Friday, February 26, 2010

illuminated manuscriptorium

be Books has a treasure trove for those of us who like to gaze upon old books, far beyond our means, and dream. I speak of the Abe Books Rare Book Room. And in that virtual room, is the Illuminated Manuscripts section, which holds things like: an illuminated Morte D'Arthur: A Poem, by Lord Alfred Tennyson (sold), a single page from a 1460 copy of a Book of Hours, and books about illuminated manuscripts and their history.

In the introduction to the Abe Books Illuminated Manuscripts section, Beth Carswell tells us that the word 'manuscript comes from the Latin manu scriptum, which translates literally to "written with hands".' Go Monks!

New York Public library has a vast illuminated manuscript collection, many images of which are available on-line. They don't say much about the collection, and the entrance page on the site has 3 or 4 links that seem like they'd be helpful, but not one of them works. The connections to the images via the contents page however, works fine. And the images are beautiful! Just check out this image of the Annunciation and beginning Hours of the Virgin in a copy of the Book of Hours.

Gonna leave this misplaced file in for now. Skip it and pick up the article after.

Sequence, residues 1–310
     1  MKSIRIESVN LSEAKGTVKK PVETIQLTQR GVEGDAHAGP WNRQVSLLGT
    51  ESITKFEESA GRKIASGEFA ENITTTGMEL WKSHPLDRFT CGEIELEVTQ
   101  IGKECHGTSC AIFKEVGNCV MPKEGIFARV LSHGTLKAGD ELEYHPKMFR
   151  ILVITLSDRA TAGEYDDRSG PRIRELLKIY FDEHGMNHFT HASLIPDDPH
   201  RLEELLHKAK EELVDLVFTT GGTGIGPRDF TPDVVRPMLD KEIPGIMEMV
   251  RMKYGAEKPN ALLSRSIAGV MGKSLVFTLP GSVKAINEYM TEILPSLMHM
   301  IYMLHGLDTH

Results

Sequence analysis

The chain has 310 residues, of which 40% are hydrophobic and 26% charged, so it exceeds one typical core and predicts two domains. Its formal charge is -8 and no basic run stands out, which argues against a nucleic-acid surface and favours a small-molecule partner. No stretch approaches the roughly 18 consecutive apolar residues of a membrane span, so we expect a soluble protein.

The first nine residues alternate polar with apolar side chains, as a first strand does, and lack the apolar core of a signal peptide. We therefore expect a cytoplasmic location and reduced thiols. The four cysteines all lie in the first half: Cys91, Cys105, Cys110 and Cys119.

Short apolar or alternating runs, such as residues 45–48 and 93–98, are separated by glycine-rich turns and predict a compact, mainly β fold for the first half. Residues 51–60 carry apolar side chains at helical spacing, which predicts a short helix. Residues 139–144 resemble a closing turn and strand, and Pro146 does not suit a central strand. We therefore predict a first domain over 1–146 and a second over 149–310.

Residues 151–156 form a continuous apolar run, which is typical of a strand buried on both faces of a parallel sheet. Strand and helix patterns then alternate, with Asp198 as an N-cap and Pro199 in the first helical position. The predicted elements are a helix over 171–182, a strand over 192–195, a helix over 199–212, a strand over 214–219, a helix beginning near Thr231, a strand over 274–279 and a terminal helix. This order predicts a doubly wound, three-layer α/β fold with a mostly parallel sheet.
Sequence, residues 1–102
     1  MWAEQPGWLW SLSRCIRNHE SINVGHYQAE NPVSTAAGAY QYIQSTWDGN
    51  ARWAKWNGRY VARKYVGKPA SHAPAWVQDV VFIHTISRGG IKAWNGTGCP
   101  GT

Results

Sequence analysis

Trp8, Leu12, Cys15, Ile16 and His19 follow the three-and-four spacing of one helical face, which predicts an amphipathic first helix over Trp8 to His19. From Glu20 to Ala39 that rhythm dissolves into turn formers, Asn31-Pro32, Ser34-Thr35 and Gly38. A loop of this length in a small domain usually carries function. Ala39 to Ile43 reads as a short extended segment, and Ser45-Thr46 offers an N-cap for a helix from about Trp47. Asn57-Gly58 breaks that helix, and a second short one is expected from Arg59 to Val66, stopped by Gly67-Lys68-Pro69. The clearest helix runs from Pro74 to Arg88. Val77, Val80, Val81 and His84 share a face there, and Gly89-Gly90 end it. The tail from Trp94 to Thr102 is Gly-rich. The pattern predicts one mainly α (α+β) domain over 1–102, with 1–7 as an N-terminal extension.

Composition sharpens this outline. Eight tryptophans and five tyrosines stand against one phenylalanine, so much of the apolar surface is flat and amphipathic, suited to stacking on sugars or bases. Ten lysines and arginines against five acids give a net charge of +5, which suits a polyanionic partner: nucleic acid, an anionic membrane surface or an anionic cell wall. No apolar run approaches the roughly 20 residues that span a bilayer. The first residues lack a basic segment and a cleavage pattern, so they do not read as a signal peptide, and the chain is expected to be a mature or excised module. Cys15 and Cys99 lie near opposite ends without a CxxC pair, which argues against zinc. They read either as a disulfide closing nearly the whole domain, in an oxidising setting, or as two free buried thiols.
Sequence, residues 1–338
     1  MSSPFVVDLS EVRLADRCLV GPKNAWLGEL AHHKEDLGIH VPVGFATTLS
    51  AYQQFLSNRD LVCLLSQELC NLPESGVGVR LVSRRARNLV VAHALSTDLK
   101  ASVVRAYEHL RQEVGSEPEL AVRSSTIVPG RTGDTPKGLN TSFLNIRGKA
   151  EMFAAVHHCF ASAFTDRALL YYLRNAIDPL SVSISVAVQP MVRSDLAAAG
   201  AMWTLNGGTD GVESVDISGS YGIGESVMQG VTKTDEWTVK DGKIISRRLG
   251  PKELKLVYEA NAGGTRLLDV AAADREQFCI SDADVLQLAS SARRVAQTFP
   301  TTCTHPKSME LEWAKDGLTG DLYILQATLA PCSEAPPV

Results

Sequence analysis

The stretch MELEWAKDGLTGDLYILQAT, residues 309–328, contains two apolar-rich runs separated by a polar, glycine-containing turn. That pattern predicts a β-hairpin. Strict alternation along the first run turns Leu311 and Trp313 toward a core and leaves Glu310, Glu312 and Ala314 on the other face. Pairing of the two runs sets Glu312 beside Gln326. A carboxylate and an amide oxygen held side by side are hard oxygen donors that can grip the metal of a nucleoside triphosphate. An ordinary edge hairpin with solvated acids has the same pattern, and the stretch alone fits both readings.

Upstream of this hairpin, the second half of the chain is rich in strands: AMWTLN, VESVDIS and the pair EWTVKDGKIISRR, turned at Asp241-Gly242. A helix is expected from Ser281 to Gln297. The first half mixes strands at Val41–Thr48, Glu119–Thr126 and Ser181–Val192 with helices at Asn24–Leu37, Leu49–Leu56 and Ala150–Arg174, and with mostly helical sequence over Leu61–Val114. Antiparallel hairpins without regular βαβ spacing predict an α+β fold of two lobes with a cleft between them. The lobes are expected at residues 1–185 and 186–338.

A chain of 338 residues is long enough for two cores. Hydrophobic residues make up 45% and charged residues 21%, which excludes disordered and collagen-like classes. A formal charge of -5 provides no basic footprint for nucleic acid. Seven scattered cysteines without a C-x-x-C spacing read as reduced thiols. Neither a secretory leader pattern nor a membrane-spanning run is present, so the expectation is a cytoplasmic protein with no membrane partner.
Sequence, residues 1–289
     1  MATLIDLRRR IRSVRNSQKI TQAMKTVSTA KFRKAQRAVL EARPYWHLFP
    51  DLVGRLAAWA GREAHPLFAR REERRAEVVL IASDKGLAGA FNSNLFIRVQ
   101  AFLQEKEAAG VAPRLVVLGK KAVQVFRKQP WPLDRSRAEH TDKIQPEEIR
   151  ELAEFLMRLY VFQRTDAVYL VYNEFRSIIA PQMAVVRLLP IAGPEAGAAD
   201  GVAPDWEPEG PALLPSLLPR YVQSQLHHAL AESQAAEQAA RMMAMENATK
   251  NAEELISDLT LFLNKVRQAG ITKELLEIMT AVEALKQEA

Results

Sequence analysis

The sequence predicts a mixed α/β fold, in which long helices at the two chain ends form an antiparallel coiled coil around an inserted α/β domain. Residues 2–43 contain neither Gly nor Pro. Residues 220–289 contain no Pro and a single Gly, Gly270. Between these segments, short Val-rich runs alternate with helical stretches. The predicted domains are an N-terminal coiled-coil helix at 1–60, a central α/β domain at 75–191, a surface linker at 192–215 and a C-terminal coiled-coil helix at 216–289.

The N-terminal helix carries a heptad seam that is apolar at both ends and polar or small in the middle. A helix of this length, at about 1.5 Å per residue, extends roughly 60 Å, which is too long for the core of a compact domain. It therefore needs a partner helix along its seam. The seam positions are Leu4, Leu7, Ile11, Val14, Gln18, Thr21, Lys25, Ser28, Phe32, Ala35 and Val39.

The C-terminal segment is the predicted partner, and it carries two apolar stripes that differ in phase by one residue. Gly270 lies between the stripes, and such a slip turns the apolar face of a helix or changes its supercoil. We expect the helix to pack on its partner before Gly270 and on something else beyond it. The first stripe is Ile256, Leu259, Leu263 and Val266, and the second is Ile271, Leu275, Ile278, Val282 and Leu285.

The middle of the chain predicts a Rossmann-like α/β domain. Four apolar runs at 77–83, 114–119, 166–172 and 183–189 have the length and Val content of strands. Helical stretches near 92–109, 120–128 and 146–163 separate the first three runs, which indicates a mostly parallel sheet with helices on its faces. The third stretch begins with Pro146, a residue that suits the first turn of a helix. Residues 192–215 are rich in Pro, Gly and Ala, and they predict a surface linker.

The Library at the University of Glasgow has--or had--a Book of the Month page in their Special Collections department. They're on holiday from this while they re-design their website (so the link may not work indefinitely). The last entry before the hiatus, December 2009, brought what they call their "jewel in the crown of illuminated manuscripts: Ludolph of Saxony’s Vita Christi (or Life of Christ)", which they describe this way: "A devotional account of Christ's life, this substantial French manuscript is comprised of four volumes containing 140 illuminated illustrations." Its pretty sweet.

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